I’ve been in Canada, and more specifically the city of Kingston, Ontario, for close to two weeks now. I’ve been a visitor to many different countries of the world, but emigrating somewhere is a different matter altogether. Luckily for me I’m a huge fan of endless paperwork and repeat questioning from state officials.
The first thing that has struck me, and surprised me, despite being prepared, is just how hot a Canadian summer is. It’s the humidity that’s the killer. If the weather report says 28 degrees, add another 10 degrees. That’s how hot it feels. I had to go out and buy a pair of knee-length shorts for relief, and to fit in with the natives. In fact my fire engine red neck, and ghostly white legs mark me apart from all other Kingstonians. We Irish men are very easy to spot during long spells of heat.
The mosquitoes have really had a banquet from my brilliantly white legs. They really seem to enjoy my Irish blood [enriched by the battered sausages and burgers I’ve eaten over the years]. My pins look like I’ve the measles, and they itch like hell. Forget contraception, visit the Drug Store (Trans. Chemist], and buy yourself protection.
The time difference between here and home is where the big adjustment needs to take place. I’m five hours behind Dublin, which means when y’all are in a solemn state of reflection during the Angelus, I’m having lunch, and expecting Aussie soaps on the TV.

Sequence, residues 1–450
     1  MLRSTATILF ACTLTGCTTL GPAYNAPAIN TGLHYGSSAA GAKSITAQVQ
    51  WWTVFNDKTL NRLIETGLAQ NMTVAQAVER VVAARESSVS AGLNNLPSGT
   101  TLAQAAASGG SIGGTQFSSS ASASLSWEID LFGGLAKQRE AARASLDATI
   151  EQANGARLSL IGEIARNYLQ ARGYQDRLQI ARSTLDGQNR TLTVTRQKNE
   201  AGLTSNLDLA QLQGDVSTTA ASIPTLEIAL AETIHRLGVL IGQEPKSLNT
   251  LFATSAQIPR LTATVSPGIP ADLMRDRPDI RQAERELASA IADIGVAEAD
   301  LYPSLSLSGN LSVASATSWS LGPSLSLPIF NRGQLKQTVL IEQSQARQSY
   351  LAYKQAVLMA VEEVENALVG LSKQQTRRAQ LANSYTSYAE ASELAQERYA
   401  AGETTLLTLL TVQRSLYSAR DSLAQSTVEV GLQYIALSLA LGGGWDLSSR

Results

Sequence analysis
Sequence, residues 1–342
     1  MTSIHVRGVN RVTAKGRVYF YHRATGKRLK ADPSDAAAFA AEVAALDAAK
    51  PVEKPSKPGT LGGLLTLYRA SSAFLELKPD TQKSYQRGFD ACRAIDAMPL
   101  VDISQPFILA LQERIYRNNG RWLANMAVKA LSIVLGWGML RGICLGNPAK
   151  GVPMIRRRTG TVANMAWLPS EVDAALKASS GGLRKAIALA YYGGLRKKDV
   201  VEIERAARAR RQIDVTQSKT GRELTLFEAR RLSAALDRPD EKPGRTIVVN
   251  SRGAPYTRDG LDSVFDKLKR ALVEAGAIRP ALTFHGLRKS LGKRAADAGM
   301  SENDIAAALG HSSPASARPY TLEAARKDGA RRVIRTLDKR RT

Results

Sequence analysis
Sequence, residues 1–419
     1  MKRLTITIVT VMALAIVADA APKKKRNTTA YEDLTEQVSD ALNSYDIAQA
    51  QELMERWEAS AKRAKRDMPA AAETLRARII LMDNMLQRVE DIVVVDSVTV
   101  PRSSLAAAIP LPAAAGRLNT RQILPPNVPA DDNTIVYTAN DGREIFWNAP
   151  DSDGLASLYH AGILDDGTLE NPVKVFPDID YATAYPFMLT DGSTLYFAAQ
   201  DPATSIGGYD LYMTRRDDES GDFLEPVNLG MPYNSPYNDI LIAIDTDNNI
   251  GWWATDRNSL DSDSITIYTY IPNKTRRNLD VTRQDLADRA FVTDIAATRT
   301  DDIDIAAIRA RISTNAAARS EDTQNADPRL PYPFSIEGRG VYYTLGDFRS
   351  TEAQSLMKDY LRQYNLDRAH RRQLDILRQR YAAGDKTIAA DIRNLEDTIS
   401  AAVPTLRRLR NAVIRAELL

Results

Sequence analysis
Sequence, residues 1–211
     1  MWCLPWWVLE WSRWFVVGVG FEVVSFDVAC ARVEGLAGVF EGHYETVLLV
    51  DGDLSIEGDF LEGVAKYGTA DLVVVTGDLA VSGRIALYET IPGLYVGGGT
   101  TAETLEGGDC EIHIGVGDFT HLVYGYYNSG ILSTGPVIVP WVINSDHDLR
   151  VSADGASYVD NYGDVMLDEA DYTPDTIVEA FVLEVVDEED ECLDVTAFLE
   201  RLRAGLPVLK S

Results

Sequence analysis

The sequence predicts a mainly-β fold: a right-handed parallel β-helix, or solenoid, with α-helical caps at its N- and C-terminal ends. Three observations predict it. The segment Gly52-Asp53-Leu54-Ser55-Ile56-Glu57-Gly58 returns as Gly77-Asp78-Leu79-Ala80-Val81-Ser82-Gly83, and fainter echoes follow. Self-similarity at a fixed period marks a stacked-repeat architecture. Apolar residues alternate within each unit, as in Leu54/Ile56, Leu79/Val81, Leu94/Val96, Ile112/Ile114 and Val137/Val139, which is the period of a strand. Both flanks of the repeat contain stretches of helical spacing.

I could talk about the milk in bags, the Union Jacks that hang in the porches of Kingston’s satellite towns, like Bath and Napanee, toilet bowl differences and the calling of midday as noon-hour, and I will in future posts, but for today I’d prefer to mention an incident from yesterday that humbled me.
Any cash I have is in my girlfriend’s account. I’m using her debit card. So, I’m in a popular, busy supermarket downtown [Trans.City Centre] – and I, in a fluster, input the wrong pin into the machine three times. I’m now screwed. Whilst I was apologizing to the clerk, a man behind me in the queue paid for my shopping. I was taken aback. I apologized profusely and offered to pay him back – but he was having none of it. I’ve no idea of your name, but I want to thank that man here again. I salute you Sir. You were my Good Samaritan. A credit to yourself and Kingston. I felt so low at that point, and I felt like a total hobo. Although I’m not sure many transients would be buying cumin, coriander and baby spinach. Thanks again amigo. I owe you several beers.